VIDEO: Latest Phase of Work at Smale Riverfront Park Virtually Complete

Cincinnati Park officials have celebrated a string of openings at Smale Riverfront Park over the past month. While a few more openings remain, the vast majority of work in the latest major phase of the $120 million park is now essentially complete.

In the latest video update from project manager Dave Prather, he explains what all has taken place and what remains before work slows down considerably. At this point, Prather said, attention will turn to raising funds for the next wave of work, including the boat dock and western reaches of the 45-acre park.

The latest additions to the central riverfront park are more active than what has been developed so far. There are more of the popular family swings overlooking the river, an interactive foot piano, a flying pig playset, water pumps and channels, Carol Ann’s Carousel, and the P&G go Vibrantscape. Where railyards once existed, there are now even movable picnic tables sat atop rail ties.

Two of the larger features of the latest expansion are actually passive spaces. The Great Lawn is now nearly complete and the “beach” is in its early stages of formation. Once complete, visitors will be able to walk all the way down to the water’s edge, although this “beach” will not be made of sand due to the risk of erosion.

Two unique historical features are also part of this latest work. The first is a cornerstone marker in the middle of the Great Lawn that shows where the first addressed building in Cincinnati was situated. The second is a collection of foundation walls that were uncovered during the park’s excavation. These foundations, historians say, remain from 19th century buildings developed along the Ohio River.

This is expected to be the last video update from the Smale Riverfront Park development team for some time. As development at The Banks catches up, the park will soon be able to continue its westward expansion.

Project Officials Ready to Move Forward With Next Phase of The Banks

Officials overseeing the development of The Banks have announced that they will soon proceed with the design and construction of the infrastructure needed for the next phase of the massive riverfront project.

Yesterday, at a special meeting of The Banks Steering Committee, the eight-member group unanimously voted in favor of moving forward with what they expect to be $29.3 million worth of work, which would then provide the platform for millions more in private investment in the form of offices, residences and retail on what is referred to as Lot 24.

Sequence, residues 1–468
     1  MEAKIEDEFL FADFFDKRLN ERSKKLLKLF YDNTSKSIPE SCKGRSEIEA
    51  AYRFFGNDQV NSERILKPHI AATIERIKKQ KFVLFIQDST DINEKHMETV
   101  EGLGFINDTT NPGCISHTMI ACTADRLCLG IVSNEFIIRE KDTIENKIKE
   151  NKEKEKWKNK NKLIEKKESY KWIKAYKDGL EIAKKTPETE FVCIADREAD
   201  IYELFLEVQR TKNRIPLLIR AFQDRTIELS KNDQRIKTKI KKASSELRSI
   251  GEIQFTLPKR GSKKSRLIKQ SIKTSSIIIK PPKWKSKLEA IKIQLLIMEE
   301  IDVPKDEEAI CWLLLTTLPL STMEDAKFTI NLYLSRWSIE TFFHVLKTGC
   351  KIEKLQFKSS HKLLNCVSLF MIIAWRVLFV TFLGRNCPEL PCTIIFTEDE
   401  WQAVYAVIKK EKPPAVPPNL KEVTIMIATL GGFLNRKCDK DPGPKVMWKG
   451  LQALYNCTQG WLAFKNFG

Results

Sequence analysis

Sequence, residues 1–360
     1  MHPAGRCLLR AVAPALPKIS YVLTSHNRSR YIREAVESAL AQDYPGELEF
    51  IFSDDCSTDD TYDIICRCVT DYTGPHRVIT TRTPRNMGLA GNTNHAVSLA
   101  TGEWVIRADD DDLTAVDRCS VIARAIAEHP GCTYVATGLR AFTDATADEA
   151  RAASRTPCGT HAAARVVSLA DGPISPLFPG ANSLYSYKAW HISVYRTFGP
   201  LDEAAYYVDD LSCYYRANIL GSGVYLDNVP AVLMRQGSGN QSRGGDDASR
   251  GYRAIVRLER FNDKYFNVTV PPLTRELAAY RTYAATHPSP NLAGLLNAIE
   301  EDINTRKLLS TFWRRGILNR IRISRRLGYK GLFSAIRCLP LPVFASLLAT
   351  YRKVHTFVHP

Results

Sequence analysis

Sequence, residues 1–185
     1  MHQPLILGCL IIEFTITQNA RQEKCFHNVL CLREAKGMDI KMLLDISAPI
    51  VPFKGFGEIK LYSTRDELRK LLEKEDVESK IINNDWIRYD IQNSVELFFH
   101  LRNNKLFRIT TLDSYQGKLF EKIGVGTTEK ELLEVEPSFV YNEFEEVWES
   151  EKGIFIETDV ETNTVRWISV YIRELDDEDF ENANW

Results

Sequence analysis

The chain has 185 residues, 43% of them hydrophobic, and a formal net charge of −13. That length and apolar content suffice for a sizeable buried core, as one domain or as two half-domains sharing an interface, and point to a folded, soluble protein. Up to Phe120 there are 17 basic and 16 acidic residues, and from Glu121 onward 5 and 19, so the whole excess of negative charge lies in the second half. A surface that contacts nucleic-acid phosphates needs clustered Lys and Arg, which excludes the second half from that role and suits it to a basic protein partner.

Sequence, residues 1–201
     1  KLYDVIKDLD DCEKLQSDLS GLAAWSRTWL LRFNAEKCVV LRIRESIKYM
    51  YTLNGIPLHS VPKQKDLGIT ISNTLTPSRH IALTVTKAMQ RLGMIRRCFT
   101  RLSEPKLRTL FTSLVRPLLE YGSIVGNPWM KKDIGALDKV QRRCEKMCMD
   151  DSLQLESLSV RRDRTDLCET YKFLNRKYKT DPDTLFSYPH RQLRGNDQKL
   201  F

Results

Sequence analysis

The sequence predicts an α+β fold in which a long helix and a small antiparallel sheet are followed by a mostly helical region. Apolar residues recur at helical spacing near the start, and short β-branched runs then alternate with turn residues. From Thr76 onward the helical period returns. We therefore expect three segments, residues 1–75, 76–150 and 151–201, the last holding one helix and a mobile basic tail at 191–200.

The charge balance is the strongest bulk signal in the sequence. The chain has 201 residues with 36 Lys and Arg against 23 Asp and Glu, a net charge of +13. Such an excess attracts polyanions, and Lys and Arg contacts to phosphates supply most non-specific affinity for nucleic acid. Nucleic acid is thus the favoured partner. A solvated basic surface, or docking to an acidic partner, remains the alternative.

As has been the case with all prior phases of the mixed-use development, the City of Cincinnati and Hamilton County will build out the utilities and roadway network, and construct a 690-space, two-level parking garage that will lift the site out of the Ohio River floodplain. Carter and The Dawson Company – the private development team selected for the project – would consider what elements should be included and then proceed with building and leasing out whatever is built on top of the parking decks.

A guiding principle that has not changed since the beginning of the development process is that the underground parking garage will be reserved for public parking, leaving Carter-Dawson to develop additional above-ground parking to satisfy the City’s mandatory parking requirements.

The Steering Committee said that the public work will be funded through the issuance of $22 million in tax increment finance bonds, and $7 million from the State of Ohio. Project officials say issuance of the bonds is expected to come within the coming months.

While the Carter-Dawson team has not yet decided the exact mix for this third phase of work, it is widely expected to be primarily residential. In total, the zoning and infrastructure for the site will allow for around 320,000 to 400,000 square feet of developable space.

The timing of the announcement could not be better, with work rapidly progressing on General Electric’s 338,000-square-foot Global Operations Center, 19,000 square feet of retail space, and the 291 apartments at the phase two site to the immediate north; and with the announcement that AC Hotels will develop the long-sought hotel along Main Street in front of Great American Ball Park.

Phase two work is expected to be completed in phases throughout 2016, while AC Hotel by Marriott is expected to open in spring 2017.